“There’s been some good golf in there,” he said. “I feel like I let Dubai and Wentworth get away a little bit.”

He’ll have a chance to rectify that trend this week at TPC River Highlands, where he finished T-17 last year in his tournament debut and liked the course and the tournament enough to keep it on his schedule. It comes on the heels of a missed cut at the U.S. Open, when he was 10 over through 11 holes and never got on track. McIlroy views that result as more of an aberration during a season in which he has had plenty of chances to contend on the weekend.

“I didn’t necessarily play that badly last week. I feel like if I play similarly this week, I might have a good chance to win,” McIlroy said. “I think when you play in conditions like that, it magnifies parts of your game that maybe don’t stack up quite as good as the rest of your game, and it magnified a couple of things for me that I worked on over the weekend.”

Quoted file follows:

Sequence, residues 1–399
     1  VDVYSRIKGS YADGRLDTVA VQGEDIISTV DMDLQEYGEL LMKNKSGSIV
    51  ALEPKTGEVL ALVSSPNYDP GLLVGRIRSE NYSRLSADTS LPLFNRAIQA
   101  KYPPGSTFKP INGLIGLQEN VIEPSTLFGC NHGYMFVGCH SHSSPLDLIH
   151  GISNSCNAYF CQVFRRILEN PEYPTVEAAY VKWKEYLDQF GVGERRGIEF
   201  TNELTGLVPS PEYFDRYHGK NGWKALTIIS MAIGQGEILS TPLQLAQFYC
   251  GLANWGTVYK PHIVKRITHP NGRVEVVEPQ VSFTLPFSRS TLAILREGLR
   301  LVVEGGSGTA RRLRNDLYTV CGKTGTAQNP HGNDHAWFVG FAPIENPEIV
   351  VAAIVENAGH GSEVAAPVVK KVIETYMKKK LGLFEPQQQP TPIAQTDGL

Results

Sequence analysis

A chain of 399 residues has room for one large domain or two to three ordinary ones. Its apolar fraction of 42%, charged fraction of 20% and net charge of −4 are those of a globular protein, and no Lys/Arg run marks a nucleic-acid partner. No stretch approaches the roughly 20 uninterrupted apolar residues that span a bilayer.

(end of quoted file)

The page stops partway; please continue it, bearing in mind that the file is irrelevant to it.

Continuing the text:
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Sunday run at Shinnecock gave Reed even more confidence

By Will GrayJune 20, 2018, 9:08 pm

CROMWELL, Conn. – While many big names are just coming around to the notion that the Travelers Championship is worth adding to the schedule, Patrick Reed has been making TPC River Highlands one of his favorite haunts for years.

Reed will make his seventh straight appearance outside Hartford, where he tied for fifth last year and was T-11 the year before that. He is eager to get back to the grind after a stressful week at the U.S. Open, both because of his past success here and because it will offer him a chance to build on a near-miss at Shinnecock Hills.

Reed started the final round three shots off the lead, but he quickly stormed toward the top of the leaderboard and became one of Brooks Koepka’s chief threats after birdies on five of his first seven holes. Reed couldn’t maintain the momentum in the middle of the round, carding three subsequent bogeys, and ultimately tied for fourth.